Question: Is it true that the United States has not paid its dues in full? And, also, in view of the fact that the United States has imposed sanctions on Venezuela, which, even Jeffrey Sachs has said, has totally destroyed the economy, I think… wouldn’t you think it a bit unrealistic to expect Venezuela to pay when the United States has not paid? And can you mention the other… [cross talk]
Spokesman: I will leave those sort of analyses questions for all of you to write and, as we’ve said a number of times over the last few weeks here, the United States has a payment calendar which we’ve gotten used to, which they pay later in the year. What has made this crisis worse is that more countries have either not paid or have paid also later in the year.
Question: What about the other countries who haven’t paid? If there are only seven and Venezuela, Brazil and the United States, what are the other four countries — are you permitted to say?
Spokesman: Yeah, we’ve put out… I don’t have the information in front of me, but we issued… [cross talk]
Spokesman: Okay. I appreciate the class participation… [laughter] But that information is public, and it was handed out over the last few days. I will share it with you right after the briefing. Erol. Sorry. And then…
Question: Thank you, professor. [laughter] I just wanted to ask you…
Spokesman: It’s the first time I’ve been called that, trust me. [laughter]
Question: … two questions [laughter]… two questions. Just to clarify whether the Secretary‑General actually shared the, I would say, judgement or view of the President [Donald] Trump that a ceasefire that is now in Syria that is excellent, that is good, that is pretty good. [laughter] I mean, what is his view of the ceasefire? Is it sustainable, at least, from his point of view?
Spokesman: I think what the Secretary‑General believes is that he, obviously, welcomes any move that will lead to a de‑escalation, a lessening of violence, something that will lead to greater protection of civilians. What is also important is that we recognise that there’s still a long way to go for any effective solution to the crisis in Syria. Yes, sir? I’ll come back to you.
Question: Thank you, sir. Good afternoon. Nigeria, I attended the Wilson Center for African affairs this Tuesday, and the former President of Nigeria, Olusegun Obasanjo, noted that Nigeria is the third most dangerous country in the world, 30,000 killed since 2011, ethnic extremist violence. And he proposed that there should be a Special Envoy to Nigeria and the Lake Chad region, such as… like there’s a Special Envoy to Somalia, the Horn of Africa. And they were wondering why there isn’t a Special Envoy to Nigeria and the Lake Chad region, given this violence?
Spokesman: Well, I mean, a couple of things. First, we have been speaking about the humanitarian impact of the violence in the north of Nigeria, especially around the Lake Chad Basin. We’re fully aware. We’re working in cooperation with the Nigerian authorities to bring as much humanitarian aid and development aid as we can. The issue of a Special Envoy is one that is usually dealt with with the country in question and with the region and a legislative body. So, that’s… the fact is, we remain… regardless of the fact that there may not be a Special Envoy doesn’t mean we’re not fully engaged on the issue.
And I know you’d asked a question yesterday, Farhan, about Mr. Parfait Onanga‑Anyanga.
Question: On Tibor Nagy?
Spokesman: Yes, and he did meet with him and he discuss… they… surprised to… you will be surprised to hear that they discussed relevant regional issues. Sir, and then sir. And then we’ll go to the…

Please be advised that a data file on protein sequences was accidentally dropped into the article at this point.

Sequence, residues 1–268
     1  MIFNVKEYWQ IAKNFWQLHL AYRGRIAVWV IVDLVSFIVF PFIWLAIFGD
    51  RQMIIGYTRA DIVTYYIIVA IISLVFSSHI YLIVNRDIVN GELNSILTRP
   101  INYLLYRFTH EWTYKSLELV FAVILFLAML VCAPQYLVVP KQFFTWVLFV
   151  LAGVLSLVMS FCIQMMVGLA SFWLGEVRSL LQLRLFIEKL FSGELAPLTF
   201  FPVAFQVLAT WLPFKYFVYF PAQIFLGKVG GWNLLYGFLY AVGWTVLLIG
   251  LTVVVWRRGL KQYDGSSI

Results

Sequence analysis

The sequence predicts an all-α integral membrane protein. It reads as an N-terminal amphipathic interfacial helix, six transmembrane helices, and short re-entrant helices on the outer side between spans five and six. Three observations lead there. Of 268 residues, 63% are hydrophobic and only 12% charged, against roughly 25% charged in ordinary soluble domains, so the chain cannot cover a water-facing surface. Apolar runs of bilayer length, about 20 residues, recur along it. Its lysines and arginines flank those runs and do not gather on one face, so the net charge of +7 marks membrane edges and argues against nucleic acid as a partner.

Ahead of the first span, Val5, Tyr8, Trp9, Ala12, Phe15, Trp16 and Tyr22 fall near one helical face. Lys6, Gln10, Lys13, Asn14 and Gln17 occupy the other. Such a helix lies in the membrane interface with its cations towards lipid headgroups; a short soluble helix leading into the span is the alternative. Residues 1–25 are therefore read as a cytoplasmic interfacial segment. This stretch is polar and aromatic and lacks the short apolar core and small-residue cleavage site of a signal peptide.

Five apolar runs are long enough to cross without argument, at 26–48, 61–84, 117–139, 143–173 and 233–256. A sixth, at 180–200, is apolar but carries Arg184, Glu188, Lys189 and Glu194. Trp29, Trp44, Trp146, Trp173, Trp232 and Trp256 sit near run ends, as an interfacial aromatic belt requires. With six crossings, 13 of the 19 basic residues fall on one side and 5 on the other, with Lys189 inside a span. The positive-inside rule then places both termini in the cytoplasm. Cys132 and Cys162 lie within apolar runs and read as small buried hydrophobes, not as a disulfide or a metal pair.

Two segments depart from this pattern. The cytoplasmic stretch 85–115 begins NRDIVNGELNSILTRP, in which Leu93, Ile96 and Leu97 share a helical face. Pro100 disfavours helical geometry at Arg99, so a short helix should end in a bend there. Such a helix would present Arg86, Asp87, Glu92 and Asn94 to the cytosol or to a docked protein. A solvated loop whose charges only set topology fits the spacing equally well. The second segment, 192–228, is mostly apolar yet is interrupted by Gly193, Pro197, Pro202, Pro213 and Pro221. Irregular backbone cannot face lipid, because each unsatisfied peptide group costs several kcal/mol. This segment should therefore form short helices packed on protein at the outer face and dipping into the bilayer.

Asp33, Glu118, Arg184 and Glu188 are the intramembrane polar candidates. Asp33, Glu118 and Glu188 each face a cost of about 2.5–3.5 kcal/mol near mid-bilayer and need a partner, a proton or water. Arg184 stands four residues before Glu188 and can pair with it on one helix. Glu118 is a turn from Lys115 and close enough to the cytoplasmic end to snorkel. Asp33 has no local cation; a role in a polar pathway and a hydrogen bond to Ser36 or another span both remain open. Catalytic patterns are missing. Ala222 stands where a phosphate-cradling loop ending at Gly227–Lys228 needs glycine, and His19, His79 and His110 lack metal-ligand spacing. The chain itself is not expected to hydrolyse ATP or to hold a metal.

Question: Thank you, Stéphane. Follow‑up on the questions about Syria, north‑east Syria. With the Amnesty report that a colleague just asked about of damning evidence of war crimes, reports of even use of prohibited weapon now by not Kurdish media but by Western media about the use of phosphorus, and there are now reports of deliberate targeting of civilian, executions by the Turkish force’s allies on the ground, this is turning into a humanitarian catastrophe. The world is condemning this, the European Union, United States, many voices. I… let me finish this. Even China is asking for this to stop, but the Secretary‑General of the United Nations is silent. He hasn’t condemned. [cross talk]
Spokesman: The Secretary‑General is not silent. He’s asked for the violence to stop in Syria, not just from last week, but for…
Spokesman: Ever since he got into office, as his predecessor has been. He has warned of humanitarian… of the risk of humanitarian catastrophes if this violence continues. We are doing what we can on the political track, because we believe that that is the most important track to follow. We believe that the only solution for what is going on in Syria is a political one. That is the focus of our work. The other focus of the work is, obviously, the humanitarian angle, and we’re doing what we can to reach those people in need.
On the issue of the use of… reports of use of chemical weapons, our colleagues at the OPCW (Organisation for the Prohibition of Chemical Weapons) are very much aware of the situation. They’re collecting information inasmuch as they can. As far as I know, as we’ve been told, the OPCW has not yet made a… determined the credibility of these allegations, but they’re continuing to monitor and to look into the situation.
Question: Just a follow‑up. But what you mention about what the Secretary‑General has been asking for in Syria, that’s a very general statement. I’m talking about the specific military operation initiated by Turkey again… in the area that is now causing a humanitarian crisis, why he hasn’t himself condemned it or asked for Turkey to stop. It’s very simple. [cross talk]
Spokesman: He called for an immediate de‑escalation. He urged all parties to resolve their differences through peaceful…
Question: Does that mean stop? Are you asking Turkey to stop?
Spokesman: We’re asking for the fighting to stop. We’re asking for everyone to stop fighting and to focus on a political solution. Yassein?
Question: Thank you, chief. It’s 30 kilometre [Recep Tayyip] Erdogan come inside of Syria, and how many people get killed? Do you have any numbers?
Spokesman: No, I don’t have any more numbers than what we’ve shared with…
Question: When he’s going to go back?
Question: To leave the country, you know, he take 30 kilometres from Syria.
Spokesman: Ask his spokesman. I have no clue. Stefano?